Sexuality; sexual health; sexual practice; sexual behaviour, sociology of sexual practice, sex in Australia.
Field of Research (FoR)
I have worked for over 30 years in sexual health research and education. My research centres on the analysis of social (especially sexual) practice. It includes representative-sample survey research, in-depth qualitative studies and theoretical work on the sociology of sexual practice, with a special interest in the relation between social interaction and material context. Topics include prevention of HIV and other sexually transmissible...view more
I have worked for over 30 years in sexual health research and education. My research centres on the analysis of social (especially sexual) practice. It includes representative-sample survey research, in-depth qualitative studies and theoretical work on the sociology of sexual practice, with a special interest in the relation between social interaction and material context. Topics include prevention of HIV and other sexually transmissible infections, contraception, reproductive choice and decision making, condoms and condom use, sexual difficulties, sexual subcultures, sexual experience and identity, and sexual practices. Population groups studied include university students and other young people, sex workers, gay and other homosexually active men, women in contact with the gay and lesbian community, prisoners, backpackers, and the general public.
I am lead investigator on the Second Australian Study of Health and Relationships, a large national representative sample survey by telephone of more than 20,000 Australians aged 16 to 69 examining their sexual health, attitudes and behaviour. This study, funded by the NHMRC, is the follow-up to the award-winning first survey in 2001–02 (see www.ashr.edu.au).
I also recently led an ARC Linkage study with Family Planning New South Wales looking at women’s understandings and experiences of contraception in relation to their sexual lives, using in-depth interviews with over 90 women across New South Wales.
Other research with collaborators includes: the Sydney Women and Sexual Health (SWASH) study of lesbian, bisexual and queer women with the University of Sydney and ACON, and the Second Sexual Health and Attitudes of Australian Prisoners study with the Kirby Institute.
Topics have included sexual behaviour of backpackers, sexual subjectivity of Iranian women in Australia, adult accounts of organised child sexual abuse, women’s understandings and experiences of contraception, and various aspects of mental health in social context.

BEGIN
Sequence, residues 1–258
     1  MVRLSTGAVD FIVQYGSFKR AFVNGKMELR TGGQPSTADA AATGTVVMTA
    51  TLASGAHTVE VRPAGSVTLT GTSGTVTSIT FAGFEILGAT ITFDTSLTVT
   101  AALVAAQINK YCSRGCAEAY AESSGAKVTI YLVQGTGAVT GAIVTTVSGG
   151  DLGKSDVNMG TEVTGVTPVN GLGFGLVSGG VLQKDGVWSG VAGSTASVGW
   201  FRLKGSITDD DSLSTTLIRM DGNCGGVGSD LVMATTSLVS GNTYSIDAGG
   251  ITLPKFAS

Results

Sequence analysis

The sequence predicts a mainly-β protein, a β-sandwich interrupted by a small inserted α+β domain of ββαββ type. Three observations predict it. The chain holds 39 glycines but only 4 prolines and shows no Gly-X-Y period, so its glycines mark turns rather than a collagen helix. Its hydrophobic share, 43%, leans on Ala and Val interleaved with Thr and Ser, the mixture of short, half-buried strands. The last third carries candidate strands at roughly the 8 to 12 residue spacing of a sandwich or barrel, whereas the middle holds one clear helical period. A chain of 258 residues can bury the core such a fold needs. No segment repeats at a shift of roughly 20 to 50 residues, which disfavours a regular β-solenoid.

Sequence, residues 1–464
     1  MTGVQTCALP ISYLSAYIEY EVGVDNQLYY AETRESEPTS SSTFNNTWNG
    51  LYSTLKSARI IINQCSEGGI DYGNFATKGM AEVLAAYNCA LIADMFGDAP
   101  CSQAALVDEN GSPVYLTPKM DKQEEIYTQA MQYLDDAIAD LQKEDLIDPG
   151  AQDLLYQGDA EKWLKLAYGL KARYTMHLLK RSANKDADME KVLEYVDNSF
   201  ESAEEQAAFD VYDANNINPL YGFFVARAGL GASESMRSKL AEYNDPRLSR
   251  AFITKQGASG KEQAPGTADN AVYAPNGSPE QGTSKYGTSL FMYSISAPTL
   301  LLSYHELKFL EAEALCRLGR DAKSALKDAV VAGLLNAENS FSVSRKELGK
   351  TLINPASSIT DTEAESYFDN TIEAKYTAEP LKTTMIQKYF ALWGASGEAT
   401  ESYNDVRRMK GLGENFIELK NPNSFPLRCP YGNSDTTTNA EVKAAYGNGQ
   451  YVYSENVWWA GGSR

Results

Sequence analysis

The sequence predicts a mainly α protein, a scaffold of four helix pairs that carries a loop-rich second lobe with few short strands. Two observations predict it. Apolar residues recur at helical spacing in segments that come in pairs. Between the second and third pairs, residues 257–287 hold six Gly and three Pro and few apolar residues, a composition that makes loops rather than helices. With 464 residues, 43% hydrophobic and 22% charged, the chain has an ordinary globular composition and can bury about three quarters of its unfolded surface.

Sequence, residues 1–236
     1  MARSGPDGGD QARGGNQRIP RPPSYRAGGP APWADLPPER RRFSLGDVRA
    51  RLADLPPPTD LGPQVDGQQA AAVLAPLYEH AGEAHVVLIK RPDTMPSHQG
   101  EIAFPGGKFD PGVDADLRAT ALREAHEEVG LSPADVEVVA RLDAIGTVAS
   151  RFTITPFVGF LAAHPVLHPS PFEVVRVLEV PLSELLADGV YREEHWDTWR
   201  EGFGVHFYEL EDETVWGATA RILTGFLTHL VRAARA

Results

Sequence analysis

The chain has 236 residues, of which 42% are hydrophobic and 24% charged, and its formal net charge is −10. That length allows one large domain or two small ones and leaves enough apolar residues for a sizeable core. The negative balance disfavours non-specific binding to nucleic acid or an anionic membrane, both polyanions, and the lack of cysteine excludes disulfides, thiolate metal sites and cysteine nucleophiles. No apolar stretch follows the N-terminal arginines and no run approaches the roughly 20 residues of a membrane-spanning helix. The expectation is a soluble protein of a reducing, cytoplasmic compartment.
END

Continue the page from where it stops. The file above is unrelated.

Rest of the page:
ILP and medicine honours supervision:
Topics have included: students' understandings of the transmission of sexual infections; the sexual histories of sex offenders; smoking and drug use among lesbians; sexual difficulties among male prisoners; Asian students' access to contraception; women's understandings of how contraceptives work; young men's attitudes towards their role in an unplanned pregnancy; medical students' attitudes to non-heterosexuals; and young women's experience of oral contraception.
Society Memberships & Professional Activities:
Full Member, International Academy of Sex Research
Australian Sociological Association (TASA)
Australasian Epidemiological Association
Institute of Professional Editors
Editorial Board member, Journal of Sex Research, Reproductive Health Matters (London) and Sexual Health (Melbourne)
Specific Research Keywords:
Sexuality, Sexual health, Social determinants of health, Research methods, Psychosocial issues
BA, MPH, PhD (USyd)
University of New South Wales
Rationale / Background
Women (and men) use contraception so that they can have sex without pregnancy. Yet we know surprisingly little about how women perceive the effects of the different contraceptive methods on their bodies and on their relationships. This study asked women about their thoughts, feelings and experiences of contraception as part of their sexual lives. It has helped us understand why women change contraceptive methods, why they sometimes put up with undesirable side effects and why they sometimes take risks even when they do not wish to become…
The Australian Study of Health and Relationships (ASHR) is our most important study of sexual and reproductive health. Conducted once a decade with a population-representative sample of around 20,000 people, it gives a snapshot of the sexual health and well-being of the Australian population and provides information essential for the development of policy and the delivery of sexual and reproductive health programs across Australia.
The second round of the study was carried out in 2012-2013 and the main results were published in the journal Sexual Health in November…